The Division of Humanities offers three majors: Master's/Doctoral Course of English Literature, Master's/Doctoral Course of Japanese Literature, and Master's/Doctoral Course of Communication Studies. These majors have the following features:
(1) Research with a view of culture from female perspectives based on the tradition of educating self-reliant women in modern Japan.
(2) Research based on the University's tradition of "posing questions about cultural phenomena from a Christian perspective," focusing on the Christian context of literature and culture/society.
(3) Research on issues of cultural exchange and friction, and communication in the international society by focusing on the development of various cultures in Yokohama.
Purpose of Education and Research in the Division of Humanities
To conduct theoretical and applied research in the field of humanities and foster scholars with high research ability, working adults equipped with advanced knowledge and skills, and well-educated members of society who are confident in expressing their opinions and able to cooperate with others in a diversifying society.
Master’s degrees will be granted to students that have acquired expertise and have learned relevant research methods and techniques in the field of the humanities that are able to serve as workers that contribute to a diversified society by utilizing their expert knowledge.
Students will acquire high level skills in the field of the humanities through small-sized, specialized research classes and master’s thesis preparation that will allow them to serve as professionals that contribute to society by using their expertise to understand our diversified society from a Christian, female, multi-cultural perspective.
After selecting applicants that understand the educational and research ideals of this division through an entrance examination conducted on multiple occasions that tests their individuality and expertise, applicants who possess the knowledge and skills necessary to promote interest and research in the field of humanities will be accepted.
Doctoral degrees will be granted to students that have acquired expertise and have learned relevant research methods and techniques needed as independent researchers in the field of the humanities that are able to serve as professionals and researchers that contribute to a diversified society by utilizing their expert knowledge.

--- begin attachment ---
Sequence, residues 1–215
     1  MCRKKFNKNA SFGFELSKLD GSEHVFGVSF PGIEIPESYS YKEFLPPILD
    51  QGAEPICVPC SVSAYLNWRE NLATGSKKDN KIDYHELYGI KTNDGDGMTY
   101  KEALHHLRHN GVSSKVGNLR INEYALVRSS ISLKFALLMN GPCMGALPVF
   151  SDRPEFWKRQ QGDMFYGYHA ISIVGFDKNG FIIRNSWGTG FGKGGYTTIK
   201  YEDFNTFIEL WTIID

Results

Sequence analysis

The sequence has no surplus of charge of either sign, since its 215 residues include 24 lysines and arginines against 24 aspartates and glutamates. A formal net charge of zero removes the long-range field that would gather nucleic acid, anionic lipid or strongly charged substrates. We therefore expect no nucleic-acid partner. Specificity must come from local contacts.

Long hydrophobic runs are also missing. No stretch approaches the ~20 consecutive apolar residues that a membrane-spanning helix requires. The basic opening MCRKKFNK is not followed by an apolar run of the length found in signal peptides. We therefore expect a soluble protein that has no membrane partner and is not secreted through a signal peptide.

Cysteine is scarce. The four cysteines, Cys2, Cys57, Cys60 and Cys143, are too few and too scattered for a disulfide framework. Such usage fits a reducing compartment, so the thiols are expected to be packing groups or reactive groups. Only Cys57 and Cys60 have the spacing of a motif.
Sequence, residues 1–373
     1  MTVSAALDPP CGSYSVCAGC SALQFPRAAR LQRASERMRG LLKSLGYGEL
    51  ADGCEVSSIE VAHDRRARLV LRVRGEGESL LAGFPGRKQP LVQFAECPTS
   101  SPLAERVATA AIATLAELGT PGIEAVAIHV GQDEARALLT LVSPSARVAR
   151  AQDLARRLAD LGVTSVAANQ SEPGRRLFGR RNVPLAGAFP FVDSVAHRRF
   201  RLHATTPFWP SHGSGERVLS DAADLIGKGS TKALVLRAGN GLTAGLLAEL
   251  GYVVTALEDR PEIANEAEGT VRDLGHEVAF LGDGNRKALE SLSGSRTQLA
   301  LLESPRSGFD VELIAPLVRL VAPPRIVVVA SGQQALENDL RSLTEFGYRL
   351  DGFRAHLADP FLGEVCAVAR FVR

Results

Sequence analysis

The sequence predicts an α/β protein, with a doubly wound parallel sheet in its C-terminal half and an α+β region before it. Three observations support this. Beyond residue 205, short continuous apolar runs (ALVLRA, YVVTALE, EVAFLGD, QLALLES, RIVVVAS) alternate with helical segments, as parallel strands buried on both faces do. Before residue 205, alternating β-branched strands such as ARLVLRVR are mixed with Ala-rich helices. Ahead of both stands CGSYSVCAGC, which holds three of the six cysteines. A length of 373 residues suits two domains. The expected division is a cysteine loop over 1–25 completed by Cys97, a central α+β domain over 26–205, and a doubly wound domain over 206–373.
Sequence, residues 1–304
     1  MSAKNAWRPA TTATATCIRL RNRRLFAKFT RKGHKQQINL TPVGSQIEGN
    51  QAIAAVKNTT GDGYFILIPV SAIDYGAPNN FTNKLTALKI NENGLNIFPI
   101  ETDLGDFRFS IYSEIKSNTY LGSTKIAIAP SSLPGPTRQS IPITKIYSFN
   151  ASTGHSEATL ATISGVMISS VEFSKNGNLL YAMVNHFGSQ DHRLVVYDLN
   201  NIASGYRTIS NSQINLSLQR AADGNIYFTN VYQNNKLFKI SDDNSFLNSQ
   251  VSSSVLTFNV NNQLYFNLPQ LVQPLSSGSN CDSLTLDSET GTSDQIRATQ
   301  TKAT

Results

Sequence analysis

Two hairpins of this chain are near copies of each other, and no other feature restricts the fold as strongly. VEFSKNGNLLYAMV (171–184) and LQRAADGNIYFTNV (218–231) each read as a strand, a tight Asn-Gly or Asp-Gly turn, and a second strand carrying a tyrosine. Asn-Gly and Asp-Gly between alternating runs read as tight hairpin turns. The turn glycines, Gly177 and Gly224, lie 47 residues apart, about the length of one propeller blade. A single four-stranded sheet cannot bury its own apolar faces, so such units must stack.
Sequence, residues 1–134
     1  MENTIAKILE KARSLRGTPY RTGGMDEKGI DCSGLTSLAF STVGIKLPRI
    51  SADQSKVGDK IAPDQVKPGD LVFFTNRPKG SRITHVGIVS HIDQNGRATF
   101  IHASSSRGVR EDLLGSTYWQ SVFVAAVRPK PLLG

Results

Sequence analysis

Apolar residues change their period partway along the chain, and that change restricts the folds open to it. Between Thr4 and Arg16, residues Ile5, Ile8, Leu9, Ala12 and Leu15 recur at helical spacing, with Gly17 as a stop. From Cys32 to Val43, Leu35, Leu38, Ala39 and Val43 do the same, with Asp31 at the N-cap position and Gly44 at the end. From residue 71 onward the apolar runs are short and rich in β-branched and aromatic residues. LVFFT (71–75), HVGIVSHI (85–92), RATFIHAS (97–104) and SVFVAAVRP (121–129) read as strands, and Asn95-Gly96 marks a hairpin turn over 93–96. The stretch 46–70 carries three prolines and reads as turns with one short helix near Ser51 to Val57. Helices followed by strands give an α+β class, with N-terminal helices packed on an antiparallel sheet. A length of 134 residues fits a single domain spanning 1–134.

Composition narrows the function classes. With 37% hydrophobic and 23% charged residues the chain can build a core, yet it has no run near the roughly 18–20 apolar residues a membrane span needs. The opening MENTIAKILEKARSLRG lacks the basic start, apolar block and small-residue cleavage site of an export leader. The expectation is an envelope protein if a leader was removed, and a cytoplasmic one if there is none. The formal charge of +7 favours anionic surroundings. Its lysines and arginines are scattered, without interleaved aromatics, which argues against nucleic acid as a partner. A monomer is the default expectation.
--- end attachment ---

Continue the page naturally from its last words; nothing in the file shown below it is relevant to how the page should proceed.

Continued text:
Students will acquire high level skills and deep knowledge, which serves as the foundation of those skills, in the field of the humanities through small-sized, specialized research classes and doctoral thesis preparation that will allow them to serve as professionals and researchers that contribute to society by using their expertise to understand our diversified society from a Christian, female, multi-cultural perspective.
After selecting applicants that understand the educational and research ideals of this division through an entrance examination that tests their individuality and expertise, applicants who are interested in the field of humanities, possess the necessary specialized knowledge, and have learned relevant research methods and techniques will be accepted.
Division of Humanities Organization Chart
Division of Humanities
Master's/Doctoral Course of English Literature
1. Students conduct research on British and American cultures and societies based on traditional British and American literature with an emphasis on expanding the present interdisciplinary research. The four main features of the course include:
(1) Research on the Christian context
(2) Research on literature, culture, and society from a woman’s perspective
(3) Research on the English-speaking world
(4) Research on traditional literature and comparative culture
2. Although Japan has traditionally been quite passive concerning the introduction and acceptance of British and American literary research, it will be necessary in the future for Japan to share its research findings with the world. With this in mind, the “Translation” course involves research that addresses such issues.
3 The study and practice of the English language includes general linguistics as well as focus on the comparison of English and Japanese and "the link between language and culture."
|Professor||BURLEIGH, David J.||British literature and culture, English|
|Professor||FUJIMOTO, Tomomi||folklore studies, juvenile litrature|
|Professor||FUKUNAGA, Yasuyo||Film studies, English language education|
|Professor||KONDO, Ariyuki||History of British Art and Architecture|
|Professor||MAEDA, Ayako||American literature and culture|
|Professor||MUKAI, Hidetada||English Literature and British Cultural Studies|
|Professor||YOHENA, Shoko||English linguistics, sociolinguistics|
|Professor||YUI, Tetsuya||British literature and culture, English|
|Associate Professor||TOGASHI, Go||British literature and culture|
|Associate Professor||UMEZAKI, Toru||American History|
- Nature in King Lear
- Money and Jane Austen
- On Cultural Problems in Translation
- Translation and Culture: A re-evaluation of Shizuko Wakamatsu’s Japanese translation of Little Lord Fauntleroy
- Oscar Wilde Re-examined Passion. Pain and Individualism
- A Study of William Wordsworth
- The Cuban Missile Crisis in 1962: The Response of President John F. Kennedy and the National Security Council
- The American Family and Migration to the West in the 19th Century
- The Plot and Theme in Flannery O’Conner’s Literature
- A Study of Virginia Lee Burton’s Picturebooks: Time in The Little House and Life Story
- A Study of Virginia Woolf :The Significance of Being Alone
- A Study of Jane Austen’s Northanger Abbey and Emma: The Heroines and Their Mentors
- Two Novels of Will and Destruction in Victorian Age
- A Study of C.S.Lewis
Division of Humanities
Master's/Doctoral Course of Japanese Literature